Canadian pulse exports face market changes

Pea sales to India have slowed considerably, while China became Canada’s number one buyer this year

WINNIPEG — After a year that saw Canada’s largest pulse importer, India, impose import tariffs, Canadian pulse crops are seeing a shift in export dynamics.

Lentil and pea exports in Canada are down this year compared to last. According to data from the Canadian Grain Commission, lentil exports as of June 17 were at 264,200 tonnes, compared to 836,300 tonnes last year. Pea exports dropped to 1,843,900 tonnes from 3,280,400 tonnes last year.

There were decreases for lentil and pea production, according to Statistics Canada. Lentils dropped to 2,558,500 tonnes from 3,193,800 tonnes, while peas fell to 4,112,200 tonnes from 4,835,900 tonnes.

Buyers of Canadian pulses have also changed this year. India dropped out of the top 10 countries for lentil exports after previously being the number one export market, according to the Canadian International Merchandise Trade Database.

While India is still in the top 10 for Canadian pea exports, the amount it is importing has dropped. For the first four months of 2018, India has imported about 36,000 tonnes compared to 845,300 tonnes last year at this same time.

India’s import tariffs have affected Canada’s pulse exports to the country. Toward the end of 2017, India imposed import tariffs on peas, followed by tariffs on lentils and chickpeas. This caused pea and lentil prices to drop in Canada as exporters struggled to find new markets.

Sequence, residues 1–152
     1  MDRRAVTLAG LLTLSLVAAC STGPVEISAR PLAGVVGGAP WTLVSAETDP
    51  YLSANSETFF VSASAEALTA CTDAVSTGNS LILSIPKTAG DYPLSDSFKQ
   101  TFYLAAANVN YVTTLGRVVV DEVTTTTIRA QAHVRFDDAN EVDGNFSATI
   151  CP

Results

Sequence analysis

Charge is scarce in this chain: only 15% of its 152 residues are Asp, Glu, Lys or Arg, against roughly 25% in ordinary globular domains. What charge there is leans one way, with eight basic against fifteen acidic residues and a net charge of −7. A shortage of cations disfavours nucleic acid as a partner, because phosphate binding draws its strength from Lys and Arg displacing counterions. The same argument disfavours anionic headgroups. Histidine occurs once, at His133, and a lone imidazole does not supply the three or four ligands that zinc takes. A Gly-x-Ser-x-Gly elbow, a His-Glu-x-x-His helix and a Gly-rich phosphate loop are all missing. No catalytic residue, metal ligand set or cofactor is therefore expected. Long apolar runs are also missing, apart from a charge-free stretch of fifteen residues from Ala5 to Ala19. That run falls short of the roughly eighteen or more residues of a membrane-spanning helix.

China is the top importer of Canadian peas this year, having increased imports to about 512,400 tonnes so far in 2018, compared to about 317,800 tonnes last year. Exports to India dropped to about 36,000 tonnes from 845,300 tonnes.

Overall, Canada is exporting more chickpeas this year, and according to the Canadian International Merchandise Trade Database, chickpeas are being exported to more countries than before. Most of the top buyers, such as the United States and Pakistan, have halved their import numbers, while other countries, such as Algeria, have started to buy Canadian chickpeas, leading to a more diverse international market.

Canadian producers also grew more chickpeas last year, with production rising to 86,100 tonnes in 2017 from 75,200 in 2016, according to Statistics Canada.

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